The Gristle

Twice Zero

Wednesday, October 19, 2016

TWICE ZERO: The first law of holes is, “If you find yourself in a hole, stop digging.”

Whatcom County found itself at the bottom of an enormous deep hole earlier this month when the Washington Supreme Court agreed with the findings of a state growth board that determined the county had failed to protect ground and surface water resources and had oversubscribed its water supply, “granting building permits for houses and subdivisions to be supplied by a permit-exempt well even if the cumulative effect of exempt wells in a watershed reduces the flow in a water course below the minimum instream flow.” The county must come into compliance with state growth goals, justices warned.

Armed with this information, county planners furiously set to work on the depth of the hole with pickaxes and shovels.

“We are continuing to process plat and permit applications per current code,” Planning and Development Services Mark Personius announced in an email to the Building Industry Association of Whatcom County. “Therefore, unless and until the County Council or the [Washington Growth Management] Hearings Board (upon remand) takes action directing PDS otherwise, we will continue to schedule permit pre-application meetings, permit application intakes, and process development permit applications that may rely on a permit-exempt well.” The quote was included in a BIAWC email broadcast to its membership.

On remand to the WGMHB, the board will undoubtedly reassign its original order of invalidity to the county’s Comprehensive Plan. The board has already repeated its order in several instances, and there is no reason for the county—having gotten its ass kicked on this issue, with none of the county’s expensive legal sophistry bearing fruit—to believe anything substantive has changed.

The broadcast will almost certainly invite another stampede of permit applications similar to that observed in 2009 when spiteful county policymakers—hostile even to the idea of planning—threw open rural areas to a massive upzone, an upzone so large that none of the residential development over the next 20 years need occur in any of the county’s designated urban growth areas (this alone should have rightly triggered a class-action lawsuit from the cities, starved of real estate excise taxes and construction-related revenues). Under Washington law made even more unwieldy by absurd county code, every one of those permit applications gains certain immediate vesting privileges even if incomplete—privileges that once granted cannot be easily clawed back, greatly complicating the work the county faces in trying to comply with the directives of the high court.

We can predict with a high degree of confidence how this may all play out if resolved through the courts: Those with a recognized water right under Washington law (“first in time, first in right”) will be in line ahead of those with longstanding water claims, and those with no rights or claims at all (e.g., 30,000 permit-exempt wells) will be hindmost. Why exacerbate this certainty by advertising for new applications based on wells? Ultimately, it is cruel.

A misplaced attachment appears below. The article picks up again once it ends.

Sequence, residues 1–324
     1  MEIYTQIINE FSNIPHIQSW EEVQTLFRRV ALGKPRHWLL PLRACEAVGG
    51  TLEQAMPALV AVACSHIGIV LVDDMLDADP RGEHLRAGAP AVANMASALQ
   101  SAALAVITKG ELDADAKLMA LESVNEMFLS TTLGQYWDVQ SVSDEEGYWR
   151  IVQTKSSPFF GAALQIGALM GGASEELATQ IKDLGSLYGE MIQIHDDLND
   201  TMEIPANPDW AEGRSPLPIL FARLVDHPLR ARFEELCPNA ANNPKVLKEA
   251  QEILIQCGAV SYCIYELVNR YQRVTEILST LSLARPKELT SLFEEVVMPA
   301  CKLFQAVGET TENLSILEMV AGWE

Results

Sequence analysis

The second law of holes is, “If you find yourself in a hole, find some way to climb out.”

Help on issues of water resource inventory does not appear to be speedily on the way, as the county last month finally entered into a belated, aggressively negotiated interlocal agreement with a tangle of tribes, the cities, the public utility district, Ag water board, state fisheries and various stakeholder caucuses to merge two do-little efforts into one larger, more complicated and presumably (the multiplication of zero functioning as it does) do-little effort to kick the can down the road. Under the agreement, the WRIA-1 Watershed Management Project Joint Board will merge with the WRIA-1 Salmon Recovery Board, and get them communicating.

The Gristle has noted before the two fundamental failings of the WRIA-1 Planning Unit authorized under Washington law—namely, it is not a unit but a loose cohesion of competing caucuses, some with poor representation, some seemingly without representation at all; and it is not planning in any demonstrable sense, being both byzantine and balkanized. Judging from its output, the primary goal of the Planning Unit was to fiddle and dither while underhandedly permitting the buildout of the county and exhaustion of its resources. A 2005 water action plan stalled and collapsed in 2011. The most functional (and responsible) continuing partners on the Planning Unit are, of course, the governmental entities with budgets, staff, broad public goals and mandate as lead agencies.

WRIA-1 is the technical description for the Nooksack River drainage basin, and therefore this consolidated team of governments and agencies will take the lead in tackling issues related to groundwater and instream flows. Shorn of paralysis of the competing caucuses by subordinating their  role, and energized by the addition of tribal and state fisheries interest, this merged group now has a slim chance of success. The tribes played a significant role in knocking the nonsense out of the former mash of competing interests by insisting on official government-to-government representation for the board.

“Certainly the goal is not to keep going without resolution,” Gary Stoyka, Natural Resources program manager reported to County Council. “The goal is to answer the questions of instream flow, the out-of-stream water needs, and get it resolved.”